A Forgettable Affair in Rom-Com Territory – Deadline

In the realm of romantic comedies, certain tropes are so ingrained that they become almost expected, and Will Gluck‘s Anyone But You, co-written by Ilana Wolpert, comfortably nestles itself into familiar territory. The film, starring Sydney Sweeny and Glen Powell, with a supporting ensemble including Alexandra Shipp, GaTa, Hadley Robinson, Michelle Hurd, Dermot Mulroney, Darren Barnet, and Rachel Griffiths, is a classic case of somewhat funny, middle-of-the-road storytelling in the genre.

Future lawyer Bea (Sweeney) and Ben’s (Powell) first meeting in a coffee shop, complete with an awkward bathroom encounter, quickly escalates to a night at his place, and ending with her sneaky departure. Ben’s friend Pete (GaTa) teases him about falling in love after the first night, a notion Ben denies while criticizing Bea, unaware she’s come back to apologize and overheard his vitriol. Fate throws them together again at a club, where they’re introduced to Pete’s sister Claudia (Shipp), who is engaged to Bea’s sister Halle (Robinson).

Their initial exchanges are frosty, and to their dismay, they learn they’re both headed to Claudia and Halle’s wedding in Australia. In an attempt to maintain appearances, Bea and Ben try to mask their mutual interest, but their obvious tension threatens to disrupt the wedding festivities. Desperate to keep the peace, they agree to a truce. As they navigate through a series of mishaps, the question looms: will their antics lead to a bitter end or blossom into love?

Anyone But You epitomizes the typical rom-com formula: a young woman, an older man, and a predictable plot with little depth or profound messaging. It’s a film that doesn’t strive to break new ground but rather comfortably sits in the established norms of the genre. While this may satisfy fans looking for a light-hearted, no-surprises rom-com experience, those seeking innovative narrative exploration in their romantic comedies will likely find this movie a middling affair.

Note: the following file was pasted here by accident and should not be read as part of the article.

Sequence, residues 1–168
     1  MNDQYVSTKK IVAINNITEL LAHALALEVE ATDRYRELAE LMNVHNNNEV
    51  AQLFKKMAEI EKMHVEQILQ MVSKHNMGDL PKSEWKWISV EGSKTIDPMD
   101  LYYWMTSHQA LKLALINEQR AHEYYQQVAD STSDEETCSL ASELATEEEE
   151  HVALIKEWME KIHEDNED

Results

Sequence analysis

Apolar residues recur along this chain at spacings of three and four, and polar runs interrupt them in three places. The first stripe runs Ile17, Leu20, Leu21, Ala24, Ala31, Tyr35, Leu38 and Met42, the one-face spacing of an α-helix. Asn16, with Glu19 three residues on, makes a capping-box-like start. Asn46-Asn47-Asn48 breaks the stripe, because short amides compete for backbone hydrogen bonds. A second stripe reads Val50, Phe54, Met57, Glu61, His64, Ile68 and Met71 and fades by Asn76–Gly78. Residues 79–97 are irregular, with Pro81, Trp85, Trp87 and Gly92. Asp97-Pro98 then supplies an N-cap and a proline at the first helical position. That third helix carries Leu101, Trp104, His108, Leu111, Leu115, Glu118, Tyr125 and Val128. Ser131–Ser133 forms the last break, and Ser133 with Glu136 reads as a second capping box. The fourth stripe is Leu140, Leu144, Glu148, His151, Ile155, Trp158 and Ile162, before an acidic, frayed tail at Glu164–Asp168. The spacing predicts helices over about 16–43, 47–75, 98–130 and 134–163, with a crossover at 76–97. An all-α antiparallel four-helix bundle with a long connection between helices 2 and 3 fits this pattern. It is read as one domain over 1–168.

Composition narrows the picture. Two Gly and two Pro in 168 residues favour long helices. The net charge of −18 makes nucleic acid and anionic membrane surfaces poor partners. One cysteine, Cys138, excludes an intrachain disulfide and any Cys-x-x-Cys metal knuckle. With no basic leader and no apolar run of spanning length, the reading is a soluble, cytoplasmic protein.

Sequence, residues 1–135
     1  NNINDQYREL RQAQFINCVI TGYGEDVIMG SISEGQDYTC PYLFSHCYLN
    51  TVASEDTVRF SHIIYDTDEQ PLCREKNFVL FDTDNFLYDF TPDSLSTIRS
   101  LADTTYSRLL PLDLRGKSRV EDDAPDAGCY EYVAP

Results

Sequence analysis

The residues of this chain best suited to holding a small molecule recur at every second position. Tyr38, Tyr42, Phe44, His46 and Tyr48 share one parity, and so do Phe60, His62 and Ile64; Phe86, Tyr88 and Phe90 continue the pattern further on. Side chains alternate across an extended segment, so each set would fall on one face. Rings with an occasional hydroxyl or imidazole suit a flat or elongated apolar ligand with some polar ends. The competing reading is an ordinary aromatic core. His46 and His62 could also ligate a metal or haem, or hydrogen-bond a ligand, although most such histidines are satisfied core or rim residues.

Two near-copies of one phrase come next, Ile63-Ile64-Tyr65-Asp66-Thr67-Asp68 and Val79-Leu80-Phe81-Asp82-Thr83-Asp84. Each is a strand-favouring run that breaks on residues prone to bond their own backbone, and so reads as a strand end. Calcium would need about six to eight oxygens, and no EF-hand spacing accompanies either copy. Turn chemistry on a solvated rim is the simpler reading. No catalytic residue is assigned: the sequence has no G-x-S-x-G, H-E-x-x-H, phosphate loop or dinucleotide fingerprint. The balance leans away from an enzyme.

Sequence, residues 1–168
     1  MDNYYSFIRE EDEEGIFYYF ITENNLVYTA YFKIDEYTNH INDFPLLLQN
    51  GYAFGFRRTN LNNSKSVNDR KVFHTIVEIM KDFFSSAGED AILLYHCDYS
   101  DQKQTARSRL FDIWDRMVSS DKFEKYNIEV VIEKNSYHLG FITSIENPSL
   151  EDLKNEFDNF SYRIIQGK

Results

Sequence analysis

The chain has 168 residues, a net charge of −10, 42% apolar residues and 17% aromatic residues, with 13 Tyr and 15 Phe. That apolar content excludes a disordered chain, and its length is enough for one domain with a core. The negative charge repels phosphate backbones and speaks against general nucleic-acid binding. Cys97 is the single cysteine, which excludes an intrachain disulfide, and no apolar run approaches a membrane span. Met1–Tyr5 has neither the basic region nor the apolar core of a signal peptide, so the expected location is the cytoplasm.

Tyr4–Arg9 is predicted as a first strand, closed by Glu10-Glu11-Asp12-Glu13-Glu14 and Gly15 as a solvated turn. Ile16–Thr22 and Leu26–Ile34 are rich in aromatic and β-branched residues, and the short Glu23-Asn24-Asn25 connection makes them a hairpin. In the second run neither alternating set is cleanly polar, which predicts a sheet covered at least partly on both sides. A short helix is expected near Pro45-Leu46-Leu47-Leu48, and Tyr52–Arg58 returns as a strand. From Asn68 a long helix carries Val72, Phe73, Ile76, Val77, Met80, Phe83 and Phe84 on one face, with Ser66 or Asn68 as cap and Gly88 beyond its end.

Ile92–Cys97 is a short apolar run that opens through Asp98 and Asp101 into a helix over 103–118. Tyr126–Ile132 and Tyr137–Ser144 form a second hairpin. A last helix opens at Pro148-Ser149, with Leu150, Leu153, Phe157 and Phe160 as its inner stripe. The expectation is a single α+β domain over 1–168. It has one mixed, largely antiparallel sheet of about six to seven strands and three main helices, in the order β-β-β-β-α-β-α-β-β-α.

Sweeney and Powell are distractingly attractive. However, the film heavily leans on its supporting cast to hold the narrative together. Without the charm and wit of actors like Dermont Mulroney and GaTa, Sweeny and Powell’s performances, though competent, would fail to carry the film’s comedic timing. The chemistry between the leads is present but lacks significant impact. Their interactions, while occasionally amusing, fail to ignite the kind of spark that defines memorable rom-com pairings. It’s a functional relationship at best.

Ben and Bea’s initial interactions are less than ideal, with Ben uttering unsavory remarks that would typically extinguish any potential romance. However, in a typical rom-com fashion, Bea eventually gets over all that to pursue something with Ben. This decision becomes a critical point in the film, questioning the dynamics of miscommunication and fragile egos, while only skimming the surface of gender relations. It’s a storyline that has been explored numerous times, leaving Anyone But You struggling to offer a fresh perspective on…well…anything!

For viewers like myself, who entered the theater with low expectations, Anyone But You had some surprising moments–even evoking knee-slapping laughter from time to time. The film is amusing and engaging enough to pass the time, yet it’s hindered by its length. Approaching the two-hour mark, the narrative begins to drag, padded with scenes that serve more as filler than substance, diluting the overall impact of the story.

Anyone But You is a film that’s enjoyable enough for a casual watch but ultimately forgettable in the grand scheme of the genre.

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